If approved, the new By-Trustee Area Elections would not become effective until the election in November 2020. However, the specific date (election sequencing) on which a Board of Education Member will be elected from each of the new geographic areas (i.e., either in November 2020 or November 2022) will be determined as part of the ordinance that adopts the new districts.
Will all 5 Governing Board member seats be open for election at the District’s next general election (2020)?
No. The District’s November 2016 elections seated three Trustees for four-year terms through 2020. Therefore, in 2020, the District will have three Governing Board seats (Trustee Areas) up for election during its first by-trustee area election. The other two Trustee Areas will hold elections in 2022. Other public entities who have litigated allegations of CVRA violations and, after receiving unfavorable court decisions, on occasion have been ordered by the court to hold a special elections to refill all seats - that is not the case here.
What happens if draft map options draw multiple current Governing Board members within the boundaries of a single trustee-area?
Under all circumstances, all Governing Board members serve out his or her full terms of office. Specifically, the Education Code contemplated transitions from at-large to by-trustee area elections at Education Code § 5021(a) which states, in pertinent part, that “[i]f a proposal for the establishment [of trustee area elections] is approved . . . any affected incumbent board member shall serve out his or her term of office...”
While draft map options have yet to be prepared by the District’s demographer – which will not occur until community feedback is sought and received at both “pre-map creation” public hearings – it is possible that map options will be drawn with more than one Governing Board member living within a single trustee area. Whether or not such a scenario will exist depends on population density data and the locations of residences of Governing Board members. In such a scenario, if all Governing Board members within a given trustee area have terms that expire simultaneously (i.e. 2022), those members serve their full terms but only one may win re-election from the trustee area within which they reside – or a challenger can prevail in that area’s 2022 election.
Alternatively, a given trustee area may be home to multiple Governing Board members whose current terms have different expiration dates (i.e., one Governing Board member’s term expires in 2020 while another’s expires in 2022). In such cases, once the Governing Board member whose term expires in 2020 will term out in December 2020. Since another sitting Governing Board member will still hold office in that trustee area, the member with expiring term may not run in 2020 for reelection in that trustee area. He or she is permitted to run in 2022 in that trustee area when that seat is available or may establish residency and become domiciled within a trustee area open for election in 2020.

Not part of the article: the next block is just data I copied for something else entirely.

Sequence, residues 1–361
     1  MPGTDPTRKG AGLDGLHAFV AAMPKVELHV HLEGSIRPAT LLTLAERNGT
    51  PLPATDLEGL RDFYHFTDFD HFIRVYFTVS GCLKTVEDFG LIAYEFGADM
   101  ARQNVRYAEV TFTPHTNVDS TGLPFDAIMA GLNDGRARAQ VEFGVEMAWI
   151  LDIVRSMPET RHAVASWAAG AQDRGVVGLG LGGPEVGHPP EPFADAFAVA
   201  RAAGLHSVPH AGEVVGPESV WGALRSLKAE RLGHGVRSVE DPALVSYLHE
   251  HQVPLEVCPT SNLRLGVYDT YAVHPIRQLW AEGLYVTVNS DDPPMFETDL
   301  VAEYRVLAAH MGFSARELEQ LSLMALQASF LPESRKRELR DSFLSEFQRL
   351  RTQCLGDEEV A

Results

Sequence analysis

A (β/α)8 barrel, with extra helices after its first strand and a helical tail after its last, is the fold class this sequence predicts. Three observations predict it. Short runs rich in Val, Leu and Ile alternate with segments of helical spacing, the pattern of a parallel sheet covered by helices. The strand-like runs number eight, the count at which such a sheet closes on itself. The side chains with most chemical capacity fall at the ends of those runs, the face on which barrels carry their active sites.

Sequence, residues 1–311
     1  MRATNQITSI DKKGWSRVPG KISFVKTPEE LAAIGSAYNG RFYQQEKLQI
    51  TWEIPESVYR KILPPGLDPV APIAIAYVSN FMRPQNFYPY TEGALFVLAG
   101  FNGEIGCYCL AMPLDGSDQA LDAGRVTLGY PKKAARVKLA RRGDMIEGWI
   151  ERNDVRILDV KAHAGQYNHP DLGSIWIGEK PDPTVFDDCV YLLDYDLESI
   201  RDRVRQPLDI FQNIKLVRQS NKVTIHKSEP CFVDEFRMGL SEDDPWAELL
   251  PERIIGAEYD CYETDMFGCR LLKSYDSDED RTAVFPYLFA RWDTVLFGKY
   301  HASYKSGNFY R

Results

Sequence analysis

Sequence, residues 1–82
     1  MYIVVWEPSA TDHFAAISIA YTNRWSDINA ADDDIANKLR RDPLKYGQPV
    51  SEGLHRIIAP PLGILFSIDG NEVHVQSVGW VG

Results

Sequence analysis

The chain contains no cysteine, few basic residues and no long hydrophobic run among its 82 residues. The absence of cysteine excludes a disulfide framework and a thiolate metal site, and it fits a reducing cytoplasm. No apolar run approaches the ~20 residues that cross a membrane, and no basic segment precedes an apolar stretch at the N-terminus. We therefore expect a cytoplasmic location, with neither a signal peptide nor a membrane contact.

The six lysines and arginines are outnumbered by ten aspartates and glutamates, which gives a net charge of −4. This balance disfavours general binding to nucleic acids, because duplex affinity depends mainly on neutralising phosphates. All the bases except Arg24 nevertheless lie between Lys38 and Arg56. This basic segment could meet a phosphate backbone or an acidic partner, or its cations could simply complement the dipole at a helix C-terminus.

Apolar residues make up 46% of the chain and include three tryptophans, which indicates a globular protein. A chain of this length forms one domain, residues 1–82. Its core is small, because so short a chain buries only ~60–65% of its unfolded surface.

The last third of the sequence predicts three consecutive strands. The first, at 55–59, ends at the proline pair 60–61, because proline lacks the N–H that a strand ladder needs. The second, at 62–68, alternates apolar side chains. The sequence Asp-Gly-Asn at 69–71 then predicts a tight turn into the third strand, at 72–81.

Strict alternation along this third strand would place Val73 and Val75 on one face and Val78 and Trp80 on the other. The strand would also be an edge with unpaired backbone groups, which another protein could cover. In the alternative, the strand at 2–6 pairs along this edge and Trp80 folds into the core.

If multiple Governing Board members end up paired within a single trustee area, how does the Board determine the election sequence of Trustee Areas not currently inhabited by Governing Board members?
The transition to a By-Trustee Area Election System requires the Board to consider election sequencing. Not all Board member seats will be up for election at the same time. For Fremont Unified School District, three seats are available in 2020 for election and two seats are available in 2022. When multiple Board members reside in the same Trustee Area, at least one created Trustee Area will be “vacant” of a current Board member at the time a map option is adopted by the District. To determine the sequence of which Trustee Areas are to hold elections next, the Board must follow the guidance of Election Code section 10010(b):
“In determining the final sequence of the district elections conducted in a political subdivision in which members of the governing body will be elected at different times to provide for staggered terms of office, the governing body shall give special consideration to the purpose of the California Voting Rights Act of 2001...and it shall take into account the preferences expressed by members of the districts.”
The purpose of the CVRA is to increase the ability of a protected class to elect candidates of its choice or its ability to influence the outcome of an election. As such, the Board intends to select the trustee areas that have the highest percentages of eligible voters (also known as Citizen Voting Age Population or CVAP) of members of protected classes to be first available to hold elections. The Board will only be able to make this determination after holding its pre-map public hearings where it will review the District demographic data and community input and upon the creation of draft map options by the District’s demographer.
Notwithstanding the Board’s preference for election sequencing, Education Code section 5021(a) authorizes the County Committee on School District Organization to “determine by lot the trustee area from which the nomination and vacancy on the governing board shall be made.” In other words, the County Committee on School District has the authority to determine the Trustee Areas eligible for the next vacancy by lot.
Is it best to ask questions about the area formation process at the Public Hearings? Does the Public Hearings format allow for questions to be addressed?